Andy Summers has revealed the process that led to the creation of one of the most popular songs of all time, saying that The Police’s ‘Every Breath You Take’ was “crap” until he added his signature guitar sound to it. The former Police guitarist made his comments whilst chatting exclusively to eonmusic at the Progressive Music Awards, which took place in London on 1st September.
Speaking about the recording of the celebrated ‘Every Breath You Take’; a song that has since gone on to become one of the most playlisted tracks of all time, and is estimated to have earned around $20.5 million in royalties, Summers said that the session in 1983 had not been without tension.
Written by Sting, and featuring the singer / bassist along with Summers and drummer Stewart Copeland, the song was recorded at a time when the band were going through what the guitarist describes as a testing time. Said Summers: “All the interaction between us at that particular point was really difficult - we were not in a really good place”.
Going on to talk about how he approached the song, Andy revealed that ‘Every Breath You Take’ had been very different until he added his now instantly recognisable guitar parts to it. He recalled: “No one knew what to do with it. He [Sting] came in, and he had this song that actually sounded very prog rock; it sounded like Jon Anderson, with big rolling synthesiser chords. It didn’t sound anything like how we eventually did it, and there was a lot of argument about the drums and bass, and how to get the basic rhythm track down”.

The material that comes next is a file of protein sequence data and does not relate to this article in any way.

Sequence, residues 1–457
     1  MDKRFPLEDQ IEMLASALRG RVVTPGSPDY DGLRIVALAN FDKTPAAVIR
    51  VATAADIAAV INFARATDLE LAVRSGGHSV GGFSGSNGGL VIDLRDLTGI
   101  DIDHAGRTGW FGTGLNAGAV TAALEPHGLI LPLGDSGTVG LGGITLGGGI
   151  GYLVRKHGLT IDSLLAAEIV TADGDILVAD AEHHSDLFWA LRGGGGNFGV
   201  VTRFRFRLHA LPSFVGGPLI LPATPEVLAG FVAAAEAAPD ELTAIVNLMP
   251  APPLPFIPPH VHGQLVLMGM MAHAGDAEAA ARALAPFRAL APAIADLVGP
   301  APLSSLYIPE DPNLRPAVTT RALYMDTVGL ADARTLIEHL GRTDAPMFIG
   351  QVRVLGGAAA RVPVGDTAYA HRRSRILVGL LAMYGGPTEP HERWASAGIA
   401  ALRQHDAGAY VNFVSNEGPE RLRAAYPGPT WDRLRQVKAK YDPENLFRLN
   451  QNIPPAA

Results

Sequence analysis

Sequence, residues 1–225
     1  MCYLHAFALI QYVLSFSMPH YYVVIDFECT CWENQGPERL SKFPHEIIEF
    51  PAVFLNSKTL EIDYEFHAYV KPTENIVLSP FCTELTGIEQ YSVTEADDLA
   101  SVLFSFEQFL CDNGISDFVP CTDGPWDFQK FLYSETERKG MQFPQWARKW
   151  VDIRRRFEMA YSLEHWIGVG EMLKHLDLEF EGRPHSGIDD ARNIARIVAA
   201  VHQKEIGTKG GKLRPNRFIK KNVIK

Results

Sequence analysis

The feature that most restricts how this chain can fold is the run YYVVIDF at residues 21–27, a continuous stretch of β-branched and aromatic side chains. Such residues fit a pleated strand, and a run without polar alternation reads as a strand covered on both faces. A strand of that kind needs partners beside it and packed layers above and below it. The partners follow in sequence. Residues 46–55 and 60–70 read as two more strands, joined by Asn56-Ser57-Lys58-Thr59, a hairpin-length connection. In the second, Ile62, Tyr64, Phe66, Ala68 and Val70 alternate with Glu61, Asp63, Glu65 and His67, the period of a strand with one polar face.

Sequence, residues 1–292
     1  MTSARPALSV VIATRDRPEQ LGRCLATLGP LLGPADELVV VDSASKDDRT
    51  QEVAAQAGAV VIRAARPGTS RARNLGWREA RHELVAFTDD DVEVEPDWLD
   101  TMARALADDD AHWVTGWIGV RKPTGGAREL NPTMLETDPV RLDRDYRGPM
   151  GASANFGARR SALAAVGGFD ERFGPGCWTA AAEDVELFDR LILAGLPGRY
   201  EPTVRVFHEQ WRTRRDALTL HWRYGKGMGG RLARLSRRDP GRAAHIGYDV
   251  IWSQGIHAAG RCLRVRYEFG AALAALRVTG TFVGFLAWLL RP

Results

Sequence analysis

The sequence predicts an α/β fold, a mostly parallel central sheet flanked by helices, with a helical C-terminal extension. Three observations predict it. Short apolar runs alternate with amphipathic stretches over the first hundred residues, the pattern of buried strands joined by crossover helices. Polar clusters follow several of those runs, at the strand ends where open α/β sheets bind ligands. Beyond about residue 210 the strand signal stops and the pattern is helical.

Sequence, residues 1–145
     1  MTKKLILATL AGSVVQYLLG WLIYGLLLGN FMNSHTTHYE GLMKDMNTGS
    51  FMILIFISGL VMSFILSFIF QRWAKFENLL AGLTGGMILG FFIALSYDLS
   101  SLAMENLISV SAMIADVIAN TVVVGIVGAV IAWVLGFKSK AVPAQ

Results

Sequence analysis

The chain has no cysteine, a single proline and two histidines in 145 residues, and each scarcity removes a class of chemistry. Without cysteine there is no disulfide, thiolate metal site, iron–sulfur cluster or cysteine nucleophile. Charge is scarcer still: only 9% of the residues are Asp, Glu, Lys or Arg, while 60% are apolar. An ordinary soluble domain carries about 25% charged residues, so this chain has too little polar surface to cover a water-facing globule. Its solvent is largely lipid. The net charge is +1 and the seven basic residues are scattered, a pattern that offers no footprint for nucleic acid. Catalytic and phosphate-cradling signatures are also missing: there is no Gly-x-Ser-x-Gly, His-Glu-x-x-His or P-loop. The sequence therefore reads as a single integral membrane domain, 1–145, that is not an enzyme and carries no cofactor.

With tension within the trio was at its height as the band recorded the track – the first single to be released from their swansong ‘Syncronicity’ album, Andy recalled that he was driven to just go in and do his parts straight: “I think one day we were going through this bullshit, and Sting said; “go on then, go in there and kick it around”, which was very challenging. So they were all sitting there like that [cross arms and looks sternly]”, he revealed.
Under that pressure, the song “emerged”, says Andy. He continued: “It was crap until I played on it, and then it emerged. I went in, and of course I had my Police guitar style down; it was very simple chord sequences, standard pop, and I laid that track down, virtually in one take. I just knew what to do with it; the licks. I had it right there, and they all stood up, and applauded”.
Andy was attending the Progressive Music Awards which were held at the prestigious Globe Theatre in London, where he picked up the ‘Guiding Light’ Award. Other award winners included Jon Anderson, who was given the ‘Prog God’ accolade, Trevor Horn who was lifted into 'The Outer Limits', and founding Genesis guitarist Anthony Phillips, who lifted the ‘Storm Thorgerson Grand Design’ award.
Read eonmusic’s full interview with Andy Summers here.